May a consumer claim defamation against a furnisher of inaccurate credit information?

The following is a summary of a recent federal court ruling addressing this question:

In Longman v. Wachovia Bank, the Connecticut District Court held that the consumer's state law defamation claim was preempted by the Fair Credit Reporting Act (the "FCRA").  The consumer had alleged Wachovia defamed him by falsely reporting information to the consumer reporting agencies (the "CRAs") related to a three-year balloon lot note which he had obtained to finance a land purchase from Wachovia.  The Court found, among other things, that Section 1681t(B)(1)(F) of the FCRA expressly preempts the application of state law regarding any matters regulated by Section 1681s-2.  The Court reasoned that because the consumer alleged Wachovia reported this false information to the agencies, he was necessarily asserting a violation of Section 1681s-2, the Section of the FCRA which in part governs the reporting of information to the CRAs.

Therefore, according to this Connecticut District Court a consumer may not claim state law defamation against a furnisher of inaccurate credit information since that claim would be preempted by the FCRA.

HOWEVER, all is not lost. To sue a furnisher for reporting inaccurate information on your credit report, you simply need to dispute that information through the credit reporting agencies.  And then, if the inaccurate information is not corrected, you may file suit under the FCRA.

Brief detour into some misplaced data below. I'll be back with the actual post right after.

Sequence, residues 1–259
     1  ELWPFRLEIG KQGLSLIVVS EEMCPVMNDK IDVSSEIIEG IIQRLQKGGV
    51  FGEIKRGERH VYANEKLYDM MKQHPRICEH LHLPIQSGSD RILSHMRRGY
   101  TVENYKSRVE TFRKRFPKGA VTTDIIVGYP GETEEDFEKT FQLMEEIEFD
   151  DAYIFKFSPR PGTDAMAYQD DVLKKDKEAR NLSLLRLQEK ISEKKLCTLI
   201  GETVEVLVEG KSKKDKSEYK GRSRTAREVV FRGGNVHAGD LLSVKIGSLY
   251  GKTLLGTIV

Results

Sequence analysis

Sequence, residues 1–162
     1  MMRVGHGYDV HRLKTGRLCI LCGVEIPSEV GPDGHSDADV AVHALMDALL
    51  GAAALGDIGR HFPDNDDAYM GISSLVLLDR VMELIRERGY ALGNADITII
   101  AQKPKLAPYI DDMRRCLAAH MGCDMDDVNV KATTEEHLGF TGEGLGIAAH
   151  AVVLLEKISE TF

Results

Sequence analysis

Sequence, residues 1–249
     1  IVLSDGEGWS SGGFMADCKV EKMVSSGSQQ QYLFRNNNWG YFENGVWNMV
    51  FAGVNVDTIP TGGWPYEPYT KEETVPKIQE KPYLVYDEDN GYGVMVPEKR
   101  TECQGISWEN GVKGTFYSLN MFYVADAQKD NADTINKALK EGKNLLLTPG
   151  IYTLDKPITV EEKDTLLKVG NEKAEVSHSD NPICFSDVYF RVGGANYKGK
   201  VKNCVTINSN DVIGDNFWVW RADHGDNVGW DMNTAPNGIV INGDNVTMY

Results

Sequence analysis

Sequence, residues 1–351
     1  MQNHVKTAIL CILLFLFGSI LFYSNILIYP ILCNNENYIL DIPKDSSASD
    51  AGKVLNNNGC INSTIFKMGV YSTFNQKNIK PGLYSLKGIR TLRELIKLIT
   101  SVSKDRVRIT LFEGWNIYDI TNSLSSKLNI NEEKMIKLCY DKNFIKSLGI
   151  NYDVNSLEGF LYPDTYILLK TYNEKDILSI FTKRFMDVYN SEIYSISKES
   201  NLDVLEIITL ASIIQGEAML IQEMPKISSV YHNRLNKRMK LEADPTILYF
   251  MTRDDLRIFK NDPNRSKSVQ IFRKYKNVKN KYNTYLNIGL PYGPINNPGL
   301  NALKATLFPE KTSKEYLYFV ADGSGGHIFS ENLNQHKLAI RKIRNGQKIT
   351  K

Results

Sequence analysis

Second Circuit Holds FCRA Preempts State Tort Claims

Macpherson v. JP Morgan Chase Bank, NA

Consumer alleged that Chase provided false information about his finances to Equifax, a consumer credit reporting agency. Chase removed the case to federal court and moved for dismissal under Fed.R.Civ.Pro. 12(b)(6), on the grounds that the consumer's claims were preempted by the Fair Credit Reporting Act (FCRA), 15 U.S.C. 1681t(b)(1)(F). Consumer appealed from the district court's dismissal of his state common law tort claims. The Second Circuit affirmed the judgment of the district court and held that the FCRA preempted consumer's state law claims against Chase.

Macpherson v. JPMorgan Chase